A Non-Manifesto for the Summer of 2008

Posted by curt cloninger | Fri Apr 25th 2008 9:21 p.m.

In the summer of 2008, I want to see more...

Art not about the intersection of technology and culture.

Art not about physical bodies in virtual space, virtual bodies in physical space, virtual space in physical bodies, or physical space in virtual bodies.

Art not trans-gendered, trans-disciplinary, or trans-local.

Art not about the art market of Chelsea, the gentrification of Brooklyn, or the suburbanization of New Jersey.

Art not immersive, multi-disciplinary, multi-modal, or multi-cultural.

Art that does not make use of youTube, mySpace, or secondLife.

Art that is not a critique of consumerism.

Art that is neither neo-dada, neo-fluxus, neo-situationist, or neo-arte povera.

Art that does not seek to be inclusive of the difference of the other via collaborative cell phone video podcast collage.

Art not about viral memes, online marketing, the noosphere, media saturation, or MK-ULTRA mind-control experiments.

Art that does not incorporate the Wii remote.

Art not seeking to dismantle the artificial dichotomy between nature and culture.

Art not seeking to dismantle the artificial dichotomy between science and art.

Ubiquitous computing, global positioning systems, surveillance cameras, animal architecture, and anything having to do with the human genome project are right out.

Art not green, sustainable, or post-human.

Art that does not celebrate Darwinian evolution as the cosmology of our times.

Art not using generative software algorithms to re-examine the tradition of American landscape photography.

Art that does not attempt to create an abstract cartographic mythology by synthesizing theoretical physics and Tibetan Buddhism.

Art not about moving through urban space.

Art not exploring artificial life, artificial intelligence, artificial insemination, artificial sweetener, or anything else artificial.

Art that is not a simulacrum of a palimpsest of an artifice of the spectacle.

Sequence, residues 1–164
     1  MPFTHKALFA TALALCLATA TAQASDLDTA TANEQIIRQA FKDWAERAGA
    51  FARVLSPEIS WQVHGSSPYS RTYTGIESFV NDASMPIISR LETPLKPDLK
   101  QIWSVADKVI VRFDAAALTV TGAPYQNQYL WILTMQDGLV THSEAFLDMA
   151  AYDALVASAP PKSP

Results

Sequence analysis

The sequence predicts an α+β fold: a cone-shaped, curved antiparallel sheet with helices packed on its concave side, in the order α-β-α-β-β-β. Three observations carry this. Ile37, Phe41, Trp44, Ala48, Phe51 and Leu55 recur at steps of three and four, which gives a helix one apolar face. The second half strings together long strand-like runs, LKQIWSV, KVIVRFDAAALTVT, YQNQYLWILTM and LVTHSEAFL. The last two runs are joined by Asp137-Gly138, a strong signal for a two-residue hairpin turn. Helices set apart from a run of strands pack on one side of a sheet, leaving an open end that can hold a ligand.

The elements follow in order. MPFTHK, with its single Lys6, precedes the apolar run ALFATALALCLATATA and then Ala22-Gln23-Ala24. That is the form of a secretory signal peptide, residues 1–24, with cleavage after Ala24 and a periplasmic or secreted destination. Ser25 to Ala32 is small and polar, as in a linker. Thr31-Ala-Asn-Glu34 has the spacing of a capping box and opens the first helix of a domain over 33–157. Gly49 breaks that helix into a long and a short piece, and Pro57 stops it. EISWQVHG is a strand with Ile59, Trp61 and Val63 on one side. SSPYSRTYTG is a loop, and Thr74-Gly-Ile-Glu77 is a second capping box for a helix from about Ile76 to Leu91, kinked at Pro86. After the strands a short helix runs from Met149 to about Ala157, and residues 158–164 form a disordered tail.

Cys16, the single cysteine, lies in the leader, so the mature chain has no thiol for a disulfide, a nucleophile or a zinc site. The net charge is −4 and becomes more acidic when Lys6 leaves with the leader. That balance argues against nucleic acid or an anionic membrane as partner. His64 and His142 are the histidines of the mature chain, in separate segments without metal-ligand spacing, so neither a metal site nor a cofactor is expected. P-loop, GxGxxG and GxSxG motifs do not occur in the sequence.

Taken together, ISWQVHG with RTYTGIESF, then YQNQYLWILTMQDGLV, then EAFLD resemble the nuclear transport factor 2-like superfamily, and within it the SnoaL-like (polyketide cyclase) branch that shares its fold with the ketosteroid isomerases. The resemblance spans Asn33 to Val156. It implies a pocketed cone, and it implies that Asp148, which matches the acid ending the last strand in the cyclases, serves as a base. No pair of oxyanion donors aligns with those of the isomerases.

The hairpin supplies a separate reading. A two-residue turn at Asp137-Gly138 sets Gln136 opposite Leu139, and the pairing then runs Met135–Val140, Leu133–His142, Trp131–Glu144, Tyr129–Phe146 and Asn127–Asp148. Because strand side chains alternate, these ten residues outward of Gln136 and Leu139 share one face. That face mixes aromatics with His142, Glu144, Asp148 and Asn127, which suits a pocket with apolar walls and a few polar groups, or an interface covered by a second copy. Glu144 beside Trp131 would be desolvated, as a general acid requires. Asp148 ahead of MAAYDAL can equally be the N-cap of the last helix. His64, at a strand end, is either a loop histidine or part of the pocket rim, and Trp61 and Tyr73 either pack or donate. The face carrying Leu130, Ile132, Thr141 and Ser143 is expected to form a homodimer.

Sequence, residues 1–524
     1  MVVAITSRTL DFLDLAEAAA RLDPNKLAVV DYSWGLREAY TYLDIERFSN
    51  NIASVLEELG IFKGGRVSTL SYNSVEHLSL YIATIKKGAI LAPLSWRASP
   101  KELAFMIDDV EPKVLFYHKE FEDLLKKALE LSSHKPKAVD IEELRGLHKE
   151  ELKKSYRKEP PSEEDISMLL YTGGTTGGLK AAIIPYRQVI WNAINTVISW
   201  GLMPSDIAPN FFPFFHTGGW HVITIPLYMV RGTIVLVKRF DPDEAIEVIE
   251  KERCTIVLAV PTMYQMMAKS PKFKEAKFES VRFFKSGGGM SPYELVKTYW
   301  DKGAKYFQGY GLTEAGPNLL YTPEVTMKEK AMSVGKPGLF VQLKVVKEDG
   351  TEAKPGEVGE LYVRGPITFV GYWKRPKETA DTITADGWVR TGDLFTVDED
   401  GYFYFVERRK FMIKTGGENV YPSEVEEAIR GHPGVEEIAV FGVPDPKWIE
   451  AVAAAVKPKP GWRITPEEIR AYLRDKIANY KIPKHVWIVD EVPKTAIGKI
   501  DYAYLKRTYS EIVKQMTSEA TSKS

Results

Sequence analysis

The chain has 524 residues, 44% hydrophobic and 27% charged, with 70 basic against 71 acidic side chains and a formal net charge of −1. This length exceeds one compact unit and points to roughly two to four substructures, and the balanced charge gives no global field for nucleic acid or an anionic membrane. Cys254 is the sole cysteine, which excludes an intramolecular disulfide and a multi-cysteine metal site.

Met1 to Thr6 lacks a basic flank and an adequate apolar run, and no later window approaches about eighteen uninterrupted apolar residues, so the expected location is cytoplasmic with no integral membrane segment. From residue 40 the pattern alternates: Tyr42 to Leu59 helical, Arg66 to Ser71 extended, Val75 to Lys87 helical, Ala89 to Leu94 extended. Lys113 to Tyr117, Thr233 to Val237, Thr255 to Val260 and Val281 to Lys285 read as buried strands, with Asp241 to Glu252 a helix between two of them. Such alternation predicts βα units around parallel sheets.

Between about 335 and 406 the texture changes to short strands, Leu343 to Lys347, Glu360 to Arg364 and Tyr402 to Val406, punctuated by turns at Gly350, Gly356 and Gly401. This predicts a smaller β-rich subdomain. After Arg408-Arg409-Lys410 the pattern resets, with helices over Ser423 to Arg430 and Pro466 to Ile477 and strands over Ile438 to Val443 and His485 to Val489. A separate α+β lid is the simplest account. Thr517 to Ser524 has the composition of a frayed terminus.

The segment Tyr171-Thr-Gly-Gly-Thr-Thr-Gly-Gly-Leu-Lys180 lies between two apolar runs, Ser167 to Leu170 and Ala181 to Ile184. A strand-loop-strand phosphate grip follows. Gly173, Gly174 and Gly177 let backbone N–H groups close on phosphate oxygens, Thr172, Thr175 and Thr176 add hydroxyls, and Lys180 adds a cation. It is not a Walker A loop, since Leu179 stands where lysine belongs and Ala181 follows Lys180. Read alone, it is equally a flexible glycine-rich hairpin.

Art that embodies neither emergent systems nor dystopian futures.

Art that is not a Deleuzean mash-up of Cagean algorithms.

Art that does not allude to Sol Lewitt, Josephy Beuys, Bucky Fuller, Johnny Depp, or John Ashcroft.

Art not about the U.S. homeland security advisory system.

Art that does not attempt to vectorize the trajectory of desire.

Art not conceived in response to a call for proposals.

Art not conceived in response to this list.
  • Pall Thayer | Fri Apr 25th 2008 9:46 p.m.
  • who knew | Sat Apr 26th 2008 1:29 a.m.
    V=x^3+y^3+axy+bx+cy
  • MANIK | Sat Apr 26th 2008 1:37 a.m.
    CAN SHE SLEEP LATE IN THE MORNING?
    NO,SHE CAN'T.SHE HAS TO GET UP EARLY.

    MANIK,APRIL,2008.
  • Erika Lincoln | Sat Apr 26th 2008 10:30 a.m.
    image
  • Erika Lincoln | Sat Apr 26th 2008 10:50 a.m.
  • Erika Lincoln | Sat Apr 26th 2008 10:51 a.m.
    ummmmmm

    again again

    image
  • Michael Szpakowski | Sat Apr 26th 2008 1:18 p.m.
    Curt - maybe I've mellowed but I don't actually mind any of those things that much (although my list of potentially BP rasing topics would be similar if not identical to yours). I don't think any topic should be ruled out. There's always the chance (admittedly slim) someone will doing something breathtaking with one of them.
    What irritates me way more is being told in advance & in mind numbing detail what a work ( or *worse*, a *proposed* work ) is about, then being instructed as to how I will react to it, which seems pretty much SOP...
    michael

    • curt cloninger | Sat Apr 26th 2008 1:59 p.m.
      Hi Michael,

      Of course you are right -- good work can be made on any topic, and avoiding a trendy topic does not necessarily guarantee good work. I'm just being curmudgeonly and polemical. With all of the topics in the world to explore, and with all of the people making work, it amazes me how many people fall into the same topical ruts. One might argue that this is because these are the issues that are truly important, the issues that matter to all of us; but I'm not so sure. Maybe these are just the issues that matter to a 28 year old art school graduate living in Brooklyn. And maybe these issues don't even matter to her, it's just that they seem to matter to the curators and critics she reads and so these topics get incestuously self-reinforced until they rise to the top of some arbitrary pile that represents the hermetic nature of the new media community more than it represents anything that actually matters.

      I think if someone's research and studio practice lead them to explore these topics, well and good. Because by the time they arrive at these topics they will understand why they have, and their work will be there. The problem is when people's curiosity and inquiry is driven by the desire to come up with a project that seems 'culturally relevant' (whose culture [or humanstic meta-culture]? relevant to whom? as determined by whom?). It is a very over-determined way of making work that leads to work I want to see less of this summer (in my culture from my perspective as determined by me).

      Curt
  • Pall Thayer | Sun Apr 27th 2008 7:13 p.m.
    What irritates me way more is being told in advance & in mind numbing detail what a work ( or *worse*, a *proposed* work ) is about, then being instructed as to how I will react to it, which seems pretty much SOP... "

    Right there with you on that point, Michael.